Day 53. I decided to sell a chunk of shares. I can see no logic of share prices at the moment. It looks like expectations are going to be of a return to normality pretty quickly. Can’t be. So for the first time in my years of investing I am sitting on a largish chunk of cash, and will wait patiently for the right time to jump back in. I am ready to wait until after the summer and the second quarter results are known. I know amateurs like me should not try and time the market, but I feel a lot more comfortable. Out went the shares that were hard to see what future they had in the new situation. Those that stayed are ones where there is a societal “need”. I had started to shift the portfolio in this direction some time ago and so Covid19 has just accelerated the shift. Partially that is also why I feel a lot more comfortable. 

Day 54. Tuesday 5th May. The regie came around to assess the flat and decide what needs doing to freshen it up for the next renters – paint and a refresh of the parquet. Not much else.

Day 55. There were some great aerial displays that I witnessed today. There seems to be a fairly constant niggling battle between one of the buzzards and a crow. Today it stepped up a level with 5 crows flying in close formation after one of the buzzards (all 5 no more than what seemed like flying within a 2 metre envelope). They flew at high speed below my window like a Red Arrows display. Suddenly out of nowhere came the second buzzard in high speed chase. The first time I had seen both of them in the sky together for weeks. 

The swifts are also back, and I enjoyed watching them play tag – five together all following each other. Four close together, one at the back struggling to keep up. They surely do this for fun.

Day 56. I got slightly stir crazy today and the moment I finished work, I had to go out for a walk. I only managed 15 minutes as the rain came down, but it was enough. There are new plans to have us returning to work, but I must say that I am now very comfortable where I am. Not sure Catherine is though…. it’s been a good easing into working for myself as I gradually ease out of managing teams and processes, and rather contributing to thought processes and technical content.

Day 57. I bought a MagicPass for the next season’s skiing in the Valais. This was my first non-food purchase for what seemed like ages, and an exercise in building hope and having something to look forward to.

Day 58. Saturday 9th May. The spell is broken. I went out and had a haircut – first since Day 2. We then took a 30 minute drive out to the Chateau de Vullierens to wander around the gardens – irises and striking sculptures. We followed this up with a further 1 hour drive to Les Pléiades to view the wild narsisses. We had a nice walk to view the hillsides covered in daffodils and orchids. Then to cap it all we went out to dinner at Sue and Max’s. The whole day felt quite like old times and “normal”.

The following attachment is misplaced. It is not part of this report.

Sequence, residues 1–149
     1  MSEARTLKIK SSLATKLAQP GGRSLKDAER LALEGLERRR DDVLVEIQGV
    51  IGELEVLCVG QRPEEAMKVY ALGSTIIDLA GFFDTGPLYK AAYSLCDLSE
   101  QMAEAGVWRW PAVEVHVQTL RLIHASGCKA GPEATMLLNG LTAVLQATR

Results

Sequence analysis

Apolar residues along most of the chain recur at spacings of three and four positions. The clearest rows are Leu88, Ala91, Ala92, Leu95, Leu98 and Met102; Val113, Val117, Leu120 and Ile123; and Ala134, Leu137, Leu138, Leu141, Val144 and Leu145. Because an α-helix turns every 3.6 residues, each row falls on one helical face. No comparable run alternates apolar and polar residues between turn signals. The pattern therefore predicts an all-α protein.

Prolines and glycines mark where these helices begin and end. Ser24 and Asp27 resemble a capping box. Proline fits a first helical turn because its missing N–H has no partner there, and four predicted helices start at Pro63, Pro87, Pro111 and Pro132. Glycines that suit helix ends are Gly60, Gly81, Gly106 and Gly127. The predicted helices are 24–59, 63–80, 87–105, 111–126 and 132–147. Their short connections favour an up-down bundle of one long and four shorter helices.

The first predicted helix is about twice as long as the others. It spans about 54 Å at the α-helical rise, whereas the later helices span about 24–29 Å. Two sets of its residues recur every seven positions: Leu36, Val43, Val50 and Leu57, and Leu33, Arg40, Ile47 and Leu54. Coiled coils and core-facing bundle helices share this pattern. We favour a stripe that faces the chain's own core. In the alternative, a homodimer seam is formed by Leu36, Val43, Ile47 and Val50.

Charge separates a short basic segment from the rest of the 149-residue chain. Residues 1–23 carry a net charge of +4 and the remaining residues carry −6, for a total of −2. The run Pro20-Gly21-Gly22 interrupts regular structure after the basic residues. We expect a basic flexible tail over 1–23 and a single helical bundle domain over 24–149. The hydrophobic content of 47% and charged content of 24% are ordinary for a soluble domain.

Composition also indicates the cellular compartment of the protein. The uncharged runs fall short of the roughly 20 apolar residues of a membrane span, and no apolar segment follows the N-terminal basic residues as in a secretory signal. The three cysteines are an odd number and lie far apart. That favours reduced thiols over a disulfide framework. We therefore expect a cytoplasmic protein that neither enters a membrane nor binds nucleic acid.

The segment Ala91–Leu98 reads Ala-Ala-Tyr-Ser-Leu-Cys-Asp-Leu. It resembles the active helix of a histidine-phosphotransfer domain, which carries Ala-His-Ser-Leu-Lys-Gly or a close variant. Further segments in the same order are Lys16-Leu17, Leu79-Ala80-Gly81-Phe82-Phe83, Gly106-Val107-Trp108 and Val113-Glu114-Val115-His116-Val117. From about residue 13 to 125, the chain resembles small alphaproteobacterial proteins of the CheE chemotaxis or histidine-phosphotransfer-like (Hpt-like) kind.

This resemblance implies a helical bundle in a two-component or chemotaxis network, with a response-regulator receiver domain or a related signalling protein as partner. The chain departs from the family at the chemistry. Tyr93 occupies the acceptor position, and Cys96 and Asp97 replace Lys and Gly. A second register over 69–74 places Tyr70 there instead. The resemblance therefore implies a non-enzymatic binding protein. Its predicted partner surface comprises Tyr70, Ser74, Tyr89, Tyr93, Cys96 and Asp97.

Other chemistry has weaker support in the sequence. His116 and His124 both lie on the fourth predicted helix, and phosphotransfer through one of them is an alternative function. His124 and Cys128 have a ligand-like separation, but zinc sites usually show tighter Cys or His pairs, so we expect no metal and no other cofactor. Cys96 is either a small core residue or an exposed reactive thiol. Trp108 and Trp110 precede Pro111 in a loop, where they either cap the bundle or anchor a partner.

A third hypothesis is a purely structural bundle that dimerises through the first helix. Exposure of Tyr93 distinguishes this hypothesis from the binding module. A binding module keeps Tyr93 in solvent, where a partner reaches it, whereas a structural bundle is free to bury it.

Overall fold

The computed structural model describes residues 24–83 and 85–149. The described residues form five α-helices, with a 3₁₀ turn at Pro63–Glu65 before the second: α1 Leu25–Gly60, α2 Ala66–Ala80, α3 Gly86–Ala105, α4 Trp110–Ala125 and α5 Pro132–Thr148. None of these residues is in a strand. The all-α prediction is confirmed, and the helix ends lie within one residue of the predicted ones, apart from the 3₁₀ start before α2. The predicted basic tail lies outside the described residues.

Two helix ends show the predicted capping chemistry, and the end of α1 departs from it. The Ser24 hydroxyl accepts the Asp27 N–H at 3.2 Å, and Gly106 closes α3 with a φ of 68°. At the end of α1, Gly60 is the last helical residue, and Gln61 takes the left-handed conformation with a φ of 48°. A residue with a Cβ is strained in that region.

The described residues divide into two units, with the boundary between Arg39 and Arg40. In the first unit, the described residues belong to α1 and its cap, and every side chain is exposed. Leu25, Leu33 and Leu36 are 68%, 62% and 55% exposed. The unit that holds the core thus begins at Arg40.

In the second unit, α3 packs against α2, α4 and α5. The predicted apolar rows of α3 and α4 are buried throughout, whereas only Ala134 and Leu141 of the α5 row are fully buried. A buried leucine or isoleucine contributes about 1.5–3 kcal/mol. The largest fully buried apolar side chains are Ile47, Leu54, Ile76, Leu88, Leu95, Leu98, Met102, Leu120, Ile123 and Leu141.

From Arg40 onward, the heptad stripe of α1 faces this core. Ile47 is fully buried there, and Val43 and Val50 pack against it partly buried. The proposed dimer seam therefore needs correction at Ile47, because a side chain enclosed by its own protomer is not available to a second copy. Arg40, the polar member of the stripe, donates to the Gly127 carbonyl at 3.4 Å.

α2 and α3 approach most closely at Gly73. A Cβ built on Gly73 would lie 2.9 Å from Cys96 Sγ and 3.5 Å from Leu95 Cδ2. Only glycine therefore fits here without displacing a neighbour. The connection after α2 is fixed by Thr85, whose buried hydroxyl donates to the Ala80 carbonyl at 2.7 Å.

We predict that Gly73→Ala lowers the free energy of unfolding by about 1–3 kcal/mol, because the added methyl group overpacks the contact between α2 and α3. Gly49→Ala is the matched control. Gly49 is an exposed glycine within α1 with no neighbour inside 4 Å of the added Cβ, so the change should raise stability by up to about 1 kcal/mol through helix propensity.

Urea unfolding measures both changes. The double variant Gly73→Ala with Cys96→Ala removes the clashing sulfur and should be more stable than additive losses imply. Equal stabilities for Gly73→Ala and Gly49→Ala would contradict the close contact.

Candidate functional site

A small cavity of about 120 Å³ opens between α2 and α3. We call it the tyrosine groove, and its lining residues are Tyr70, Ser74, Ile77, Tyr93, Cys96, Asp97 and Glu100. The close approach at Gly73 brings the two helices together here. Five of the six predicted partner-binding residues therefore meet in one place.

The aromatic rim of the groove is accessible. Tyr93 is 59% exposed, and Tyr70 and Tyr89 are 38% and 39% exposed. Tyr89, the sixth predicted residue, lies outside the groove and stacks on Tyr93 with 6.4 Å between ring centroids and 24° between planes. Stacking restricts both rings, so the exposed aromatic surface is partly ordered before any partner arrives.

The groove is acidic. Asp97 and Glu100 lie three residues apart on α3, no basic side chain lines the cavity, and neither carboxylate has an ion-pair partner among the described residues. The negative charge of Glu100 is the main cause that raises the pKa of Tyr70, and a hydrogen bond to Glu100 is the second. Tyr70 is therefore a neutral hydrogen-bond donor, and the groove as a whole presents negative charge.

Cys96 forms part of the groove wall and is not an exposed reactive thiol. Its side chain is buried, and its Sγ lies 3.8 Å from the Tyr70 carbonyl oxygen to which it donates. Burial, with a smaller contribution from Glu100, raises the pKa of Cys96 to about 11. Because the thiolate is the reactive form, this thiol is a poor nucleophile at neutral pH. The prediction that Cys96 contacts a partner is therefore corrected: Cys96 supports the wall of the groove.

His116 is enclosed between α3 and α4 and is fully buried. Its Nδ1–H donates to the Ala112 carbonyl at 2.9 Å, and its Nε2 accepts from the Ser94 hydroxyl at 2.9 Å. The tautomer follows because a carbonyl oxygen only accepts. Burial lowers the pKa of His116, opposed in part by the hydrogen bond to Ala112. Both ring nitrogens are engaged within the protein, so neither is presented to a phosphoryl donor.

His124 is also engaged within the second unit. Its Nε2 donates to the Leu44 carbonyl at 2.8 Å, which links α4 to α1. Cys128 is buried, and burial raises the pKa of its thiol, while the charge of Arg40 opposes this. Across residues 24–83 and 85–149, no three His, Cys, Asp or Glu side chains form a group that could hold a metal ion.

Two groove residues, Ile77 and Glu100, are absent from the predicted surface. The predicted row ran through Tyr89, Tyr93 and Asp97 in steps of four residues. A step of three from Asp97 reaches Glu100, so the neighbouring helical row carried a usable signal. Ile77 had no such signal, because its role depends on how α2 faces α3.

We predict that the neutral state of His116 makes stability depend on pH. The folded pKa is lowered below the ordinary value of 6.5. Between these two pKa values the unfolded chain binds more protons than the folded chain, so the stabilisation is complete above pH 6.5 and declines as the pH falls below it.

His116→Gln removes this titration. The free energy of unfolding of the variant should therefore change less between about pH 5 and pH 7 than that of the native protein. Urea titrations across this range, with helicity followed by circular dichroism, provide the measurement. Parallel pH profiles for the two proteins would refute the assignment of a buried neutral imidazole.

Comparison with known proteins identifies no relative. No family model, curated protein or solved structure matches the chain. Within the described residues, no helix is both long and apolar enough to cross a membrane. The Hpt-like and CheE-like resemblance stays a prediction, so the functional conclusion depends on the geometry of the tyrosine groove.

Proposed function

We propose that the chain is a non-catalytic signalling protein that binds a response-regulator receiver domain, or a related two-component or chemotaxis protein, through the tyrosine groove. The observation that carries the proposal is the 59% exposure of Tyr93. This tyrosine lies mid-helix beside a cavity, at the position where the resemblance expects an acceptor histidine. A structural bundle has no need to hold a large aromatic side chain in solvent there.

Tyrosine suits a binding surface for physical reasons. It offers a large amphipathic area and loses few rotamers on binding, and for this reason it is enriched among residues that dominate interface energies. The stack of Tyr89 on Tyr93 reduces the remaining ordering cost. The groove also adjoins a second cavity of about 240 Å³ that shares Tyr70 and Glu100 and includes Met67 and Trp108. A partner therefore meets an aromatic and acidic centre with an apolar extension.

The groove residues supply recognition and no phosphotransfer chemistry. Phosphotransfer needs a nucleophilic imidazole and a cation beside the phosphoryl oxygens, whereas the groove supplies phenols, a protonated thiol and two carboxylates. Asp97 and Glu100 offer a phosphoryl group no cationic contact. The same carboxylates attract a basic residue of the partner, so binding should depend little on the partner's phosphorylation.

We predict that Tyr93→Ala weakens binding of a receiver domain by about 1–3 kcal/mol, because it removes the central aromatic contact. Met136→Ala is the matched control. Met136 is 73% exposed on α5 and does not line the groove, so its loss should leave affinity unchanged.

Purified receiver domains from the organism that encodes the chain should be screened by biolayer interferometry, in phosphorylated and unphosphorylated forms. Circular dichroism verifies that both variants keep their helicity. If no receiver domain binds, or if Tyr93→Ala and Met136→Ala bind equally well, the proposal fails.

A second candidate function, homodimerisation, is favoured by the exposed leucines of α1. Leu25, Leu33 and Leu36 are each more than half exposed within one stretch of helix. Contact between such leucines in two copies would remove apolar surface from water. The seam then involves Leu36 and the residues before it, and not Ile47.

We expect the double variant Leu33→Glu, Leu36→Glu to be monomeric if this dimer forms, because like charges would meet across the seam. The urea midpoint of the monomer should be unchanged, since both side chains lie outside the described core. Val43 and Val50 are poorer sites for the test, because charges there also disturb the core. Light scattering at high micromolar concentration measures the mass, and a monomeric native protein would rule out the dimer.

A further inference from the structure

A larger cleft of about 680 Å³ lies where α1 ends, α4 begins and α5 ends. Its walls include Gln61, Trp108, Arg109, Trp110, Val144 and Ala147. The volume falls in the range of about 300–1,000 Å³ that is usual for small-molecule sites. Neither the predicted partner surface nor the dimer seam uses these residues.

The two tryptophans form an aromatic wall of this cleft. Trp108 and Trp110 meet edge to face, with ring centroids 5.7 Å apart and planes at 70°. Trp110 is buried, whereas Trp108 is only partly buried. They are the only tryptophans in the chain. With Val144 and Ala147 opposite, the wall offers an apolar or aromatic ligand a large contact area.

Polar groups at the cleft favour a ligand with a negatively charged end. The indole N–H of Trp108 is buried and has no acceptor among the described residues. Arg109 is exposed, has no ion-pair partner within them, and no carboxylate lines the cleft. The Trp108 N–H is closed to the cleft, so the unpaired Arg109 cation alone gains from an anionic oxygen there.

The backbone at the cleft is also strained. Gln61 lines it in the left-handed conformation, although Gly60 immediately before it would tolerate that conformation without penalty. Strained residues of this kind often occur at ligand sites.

Day 59. So we are going to have to go into quarantine when we go back to the UK. A rather shambolic announcement from Boris (which Matt Lucas sent up excellently) confused the hell out of everyone. Meanwhile there has been a dramatic reduction of both cases and deaths in Switzerland. Having been slow to act, it’s now impressive to see the results.

Day 60. It was the big opening up in Switzerland today. Catherine went into town, to Café Ex Machina, and Payot to buy a book. She came home triumphant. We had another trip to the decheterie and called in to the garage to see if they can sell our car when we leave. They can.

Day 61. Blimey. It’s a record. The tax authorities have processed our 2019 tax declaration. It’s normally November when I receive the final calculation. Covid is certainly changing a few working ways for the better. I walked down to the lake in the early evening to see how the town looked after the opening up. The hotels are still closed. About half the restaurants seem to be open – some with just a few people in. Two bars/cafes in particular were packed and social distancing was nowhere to be seen. All a bit odd, or is that a symptom of changing norms and ideas of what it means to “be alert”.

Day 62. We have everything in place to go back to work. Which I am actually not looking forward to. The whole point of going to the office in my work at least is the social interaction. There are a few people who I would definitely like to have a face to face discussion with because however convenient Skype and Teams are, they are only good for transactional stuff – it’s difficult to judge the true state of people and their reactions to things, especially when seeking ideas and brainstorming. As I continue with my long handover there are people I suspect need some help. I just can’t judge that over the phone or by camera. The provisions in place to return to work seem guaranteed to get us into the office but that’s all. Let’s see.

Day 63. Thursday 14th May.